Doppler Ultrasound
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Doppler Ultrasound

(Doppler Ultrasonography)

En Español (Spanish Version)

Definition

A Doppler ultrasound is a procedure that uses sound waves to examine various parts of the body.

Parts of the Body Involved

A Doppler ultrasound may be used to examine the following:

  • Aorta and other abdominal arteries and veins
  • Blood vessels in extremities (arms and legs)
  • Blood vessels in extracranial cerebrovascular system (eg, in the neck)
  • Blood flow to the pelvic organs and fetal vessels (especially during high-risk pregnancy)

Major Abdominal Arteries and Veins

Aorta and Vena Cava

© 2008 Nucleus Medical Art, Inc.

Reasons for Procedure

Doppler ultrasound is used to:

  • View abnormal flow of blood through vessels and/or the heart
  • View and evaluate blockages to blood flow, such as clots
  • Assess build-up of plaque inside the vessel
  • Monitor people who have had arterial reconstruction and bypass grafts
  • Examine a fetus during high-risk pregnancy

Risk Factors for Complications During the Procedure

There are no known risks to Doppler ultrasound. The usefulness of the Doppler test may be limited if the view of internal organs and blood vessels is obstructed by:

What to Expect

Prior to Procedure

When making your appointment, ask about instructions. They may include:

  • Wearing comfortable loose-fitting clothes, although you may be asked to change into a gown.
  • To reduce the amount of air in your intestines, fasting for 8-12 hours before the procedure if your abdomen is the area to be examined.
  • Drinking several glasses of water prior to the ultrasound if your uterus is the area to be examined. A full bladder pushes the uterus up out of the pelvic area, which helps display a better view. Fluids in a full bladder also allow better transmission of the sound waves.

In addition, smoking may interfere with results of Doppler ultrasounds of blood vessels, since nicotine constricts blood vessels.

During Procedure

Lie flat on an examining table. The room will be dark to allow the images to be seen well on the video screen.

Anesthesia

None

Description of the Procedure

The doctor or technician will rub gel over the area of the body to be examined (eg, abdomen, leg). The gel helps the technician to slide the transducer (a wand-like instrument) over your skin. When the transducer slides over your skin, it conducts transmitting sound waves that are reflected or refracted back to the ultrasound probe or transducer. The specific characteristics of the object are then converted into an image on a video screen. You may be asked to change positions to allow the technician to examine different blood vessels or areas of the body. You may also be asked to perform breathing exercises as measurements are taken to vary blood flow during the exam.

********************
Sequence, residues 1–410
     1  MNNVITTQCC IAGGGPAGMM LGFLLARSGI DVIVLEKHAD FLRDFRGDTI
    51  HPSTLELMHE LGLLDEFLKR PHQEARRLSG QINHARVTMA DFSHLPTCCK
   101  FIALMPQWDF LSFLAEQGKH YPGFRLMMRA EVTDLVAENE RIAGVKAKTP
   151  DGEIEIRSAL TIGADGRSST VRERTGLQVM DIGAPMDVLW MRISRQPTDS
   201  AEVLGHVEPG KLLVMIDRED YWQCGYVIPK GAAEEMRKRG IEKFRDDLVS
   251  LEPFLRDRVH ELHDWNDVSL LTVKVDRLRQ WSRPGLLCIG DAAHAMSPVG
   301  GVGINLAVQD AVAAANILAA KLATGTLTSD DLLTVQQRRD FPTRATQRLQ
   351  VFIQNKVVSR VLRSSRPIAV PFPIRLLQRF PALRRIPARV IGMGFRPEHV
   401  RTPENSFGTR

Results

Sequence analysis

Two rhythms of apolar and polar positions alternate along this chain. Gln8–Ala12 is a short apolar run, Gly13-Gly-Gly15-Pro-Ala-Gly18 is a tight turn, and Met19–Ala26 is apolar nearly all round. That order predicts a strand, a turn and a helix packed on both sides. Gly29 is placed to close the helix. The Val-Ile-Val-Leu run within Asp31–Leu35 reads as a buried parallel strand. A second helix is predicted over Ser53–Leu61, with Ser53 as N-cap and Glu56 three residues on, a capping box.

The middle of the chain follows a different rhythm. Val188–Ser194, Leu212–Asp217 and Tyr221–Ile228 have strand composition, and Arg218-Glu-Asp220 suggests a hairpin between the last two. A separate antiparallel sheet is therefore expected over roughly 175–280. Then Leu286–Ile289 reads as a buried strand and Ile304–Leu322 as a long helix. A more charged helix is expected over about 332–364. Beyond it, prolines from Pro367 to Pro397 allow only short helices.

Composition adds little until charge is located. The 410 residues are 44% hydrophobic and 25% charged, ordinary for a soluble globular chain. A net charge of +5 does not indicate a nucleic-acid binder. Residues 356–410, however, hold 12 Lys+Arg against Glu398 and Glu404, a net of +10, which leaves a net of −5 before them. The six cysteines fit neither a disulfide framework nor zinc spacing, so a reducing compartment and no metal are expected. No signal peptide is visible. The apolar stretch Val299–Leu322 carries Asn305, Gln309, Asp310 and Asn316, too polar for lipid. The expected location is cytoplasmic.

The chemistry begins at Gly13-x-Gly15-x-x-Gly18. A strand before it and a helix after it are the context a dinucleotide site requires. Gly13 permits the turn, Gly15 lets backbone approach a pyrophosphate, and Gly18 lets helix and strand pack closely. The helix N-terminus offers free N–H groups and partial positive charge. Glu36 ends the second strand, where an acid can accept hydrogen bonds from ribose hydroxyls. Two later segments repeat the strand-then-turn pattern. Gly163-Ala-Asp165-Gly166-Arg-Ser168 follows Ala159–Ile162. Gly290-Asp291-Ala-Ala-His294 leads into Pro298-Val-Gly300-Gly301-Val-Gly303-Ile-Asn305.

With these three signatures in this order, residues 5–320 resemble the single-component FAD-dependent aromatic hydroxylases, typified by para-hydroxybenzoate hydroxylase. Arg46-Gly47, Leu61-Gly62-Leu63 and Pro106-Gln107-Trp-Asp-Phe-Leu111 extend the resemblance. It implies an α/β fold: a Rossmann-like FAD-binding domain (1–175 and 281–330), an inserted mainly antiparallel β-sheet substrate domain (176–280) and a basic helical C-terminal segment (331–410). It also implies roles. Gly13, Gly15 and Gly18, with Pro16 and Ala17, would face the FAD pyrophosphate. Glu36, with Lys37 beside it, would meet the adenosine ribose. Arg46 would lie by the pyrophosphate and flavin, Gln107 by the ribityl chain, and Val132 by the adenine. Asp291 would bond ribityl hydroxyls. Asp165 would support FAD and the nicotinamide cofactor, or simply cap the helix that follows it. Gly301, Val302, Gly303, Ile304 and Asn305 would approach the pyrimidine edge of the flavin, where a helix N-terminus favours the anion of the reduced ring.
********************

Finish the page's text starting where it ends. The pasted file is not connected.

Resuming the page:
Ultrasound of Abdomen

Nucleus factsheet image

© 2008 Nucleus Medical Art, Inc.

After Procedure

You should clean gel off of your skin.

How Long Will It Take?

The procedure typically takes about 20 to 30 minutes.

Will It Hurt?

No. An ultrasound procedure is painless, though you may feel pressure from the transducer.

Possible Complications

None

Average Hospital Stay

None

Postoperative Care

Unless otherwise instructed by your healthcare provider, resume normal activities.

Outcome

After the procedure, a doctor trained in radiology will examine the images. Your primary doctor will advise you of the results and any treatment recommendations.

Call Your Doctor If Any of the Following Occurs

  • Your symptoms worsen.

RESOURCES:

American Institute of Ultrasound in Medicine
http://www.aium.org

RadiologyInfo
American College of Radiology and The Radiological Society of North America
http://www.radiologyinfo.org

CANADIAN RESOURCES:

Health Canada
http://www.hc-sc.gc.ca/index_e.html

Health Sciences Centre
http://www.hsc.mb.ca/

References:

Lewis JA. Illustrated Guide to Diagnostic Tests . Springhouse, PA: Springhouse Corporation; 1994.

Medical encyclopedia: ultrasound. Medline Plus website. Available at: http://www.nlm.nih.gov/medlineplus/ultrasound.html . Accessed October 14, 2005.

RadiologyInfo. American College of Radiology (ACR) and the Radiological Society of North America (RSNA) website. Available at: http://www.radiologyinfo.org/ . Accessed October 14, 2005.



Last reviewed November 2007 by J. Peter Oettgen, MD

Please be aware that this information is provided to supplement the care provided by your physician. It is neither intended nor implied to be a substitute for professional medical advice. CALL YOUR HEALTHCARE PROVIDER IMMEDIATELY IF YOU THINK YOU MAY HAVE A MEDICAL EMERGENCY. Always seek the advice of your physician or other qualified health provider prior to starting any new treatment or with any questions you may have regarding a medical condition.


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